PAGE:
But I haven’t received a single medal yet. Nor have any of the other officers who showed up at the riot line every night, night after night, for months on end. What we have received is scrutiny, complaints, and a sea of resignation letters as officers leave the department or the profession. It is hard for me to reconcile the adoration of the Capitol Police with the vilification of every other major metropolitan police department that has responded to riots over the last few years.

In retrospect, I have awful foresight. After the first night of rioting in late May, I didn’t think we would be looked upon negatively. The crowd was hostile from the start, and before my department could muster any kind of response, “black bloc” anarchists and criminals were smashing windows, starting fires, and looting. I got home early the next morning thinking to myself how crazy the night had been. I had never expected to face rioting on that scale — with approximately 400 or so rioters involved in the violence. The next day made the first night seem like a training scenario.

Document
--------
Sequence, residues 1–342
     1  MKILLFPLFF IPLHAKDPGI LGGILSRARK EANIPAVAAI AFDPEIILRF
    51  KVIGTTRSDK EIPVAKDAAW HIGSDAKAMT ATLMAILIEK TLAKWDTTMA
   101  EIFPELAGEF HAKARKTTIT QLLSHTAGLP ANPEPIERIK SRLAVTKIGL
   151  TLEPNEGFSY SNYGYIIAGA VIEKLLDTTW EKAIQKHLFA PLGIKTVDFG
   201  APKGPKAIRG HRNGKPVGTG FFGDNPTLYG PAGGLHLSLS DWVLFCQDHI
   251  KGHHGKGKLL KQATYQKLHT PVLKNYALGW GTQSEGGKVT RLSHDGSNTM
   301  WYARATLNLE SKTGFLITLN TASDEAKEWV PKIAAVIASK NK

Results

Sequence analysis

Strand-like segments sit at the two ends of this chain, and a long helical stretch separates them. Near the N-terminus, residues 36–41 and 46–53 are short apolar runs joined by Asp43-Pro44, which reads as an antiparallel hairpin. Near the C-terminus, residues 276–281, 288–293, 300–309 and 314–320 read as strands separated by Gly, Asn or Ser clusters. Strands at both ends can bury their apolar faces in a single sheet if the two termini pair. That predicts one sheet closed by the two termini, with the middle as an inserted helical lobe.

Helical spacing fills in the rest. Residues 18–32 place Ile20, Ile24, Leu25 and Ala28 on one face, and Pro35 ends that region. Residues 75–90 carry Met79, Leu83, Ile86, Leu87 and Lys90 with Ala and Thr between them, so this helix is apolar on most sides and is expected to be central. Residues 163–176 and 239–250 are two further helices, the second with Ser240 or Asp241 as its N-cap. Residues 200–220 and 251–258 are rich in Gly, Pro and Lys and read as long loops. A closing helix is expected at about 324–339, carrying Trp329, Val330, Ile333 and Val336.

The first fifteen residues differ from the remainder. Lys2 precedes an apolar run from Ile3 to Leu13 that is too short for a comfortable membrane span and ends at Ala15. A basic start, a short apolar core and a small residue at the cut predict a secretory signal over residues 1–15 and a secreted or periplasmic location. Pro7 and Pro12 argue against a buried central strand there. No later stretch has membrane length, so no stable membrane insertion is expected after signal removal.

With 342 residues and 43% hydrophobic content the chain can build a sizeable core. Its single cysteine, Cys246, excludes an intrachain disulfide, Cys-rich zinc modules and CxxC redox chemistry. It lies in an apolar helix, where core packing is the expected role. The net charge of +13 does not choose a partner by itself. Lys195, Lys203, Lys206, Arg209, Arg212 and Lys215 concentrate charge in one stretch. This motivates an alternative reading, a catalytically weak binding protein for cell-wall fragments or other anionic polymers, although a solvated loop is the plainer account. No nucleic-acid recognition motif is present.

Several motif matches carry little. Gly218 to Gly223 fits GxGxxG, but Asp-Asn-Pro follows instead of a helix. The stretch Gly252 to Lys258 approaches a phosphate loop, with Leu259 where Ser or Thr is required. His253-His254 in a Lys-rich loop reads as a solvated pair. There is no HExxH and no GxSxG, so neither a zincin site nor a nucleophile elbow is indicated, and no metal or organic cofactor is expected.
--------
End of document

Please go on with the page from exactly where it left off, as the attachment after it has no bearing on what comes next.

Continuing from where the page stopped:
Along with mutual aid from other cities, our department did the best we could, chasing mobs and looters all over town and making loads of arrests. But in the end, the downtown core looked like a war zone, with burned-out police cars, every window smashed and store looted, and every square inch of real estate covered in graffiti. I guess one could say we failed. But so did the Capitol Police.

Throughout the rioting, the locations changed but the demeanor of the crowd stayed the same: Angry. I think they were fueled by alcohol and other substances and looking for something to hate after three months in isolation and lockdown. I was floored when I read news reports about the riots, with our local news media blaming the violence on police. Naively, I had expected us to be lauded for our response to the unprecedented size of these riots. (I can’t stress the unprecedented portion enough. I never thought I would experience this level of social disorder as a police officer.) Instead, we were lambasted as villains. Apparently, we started the riots.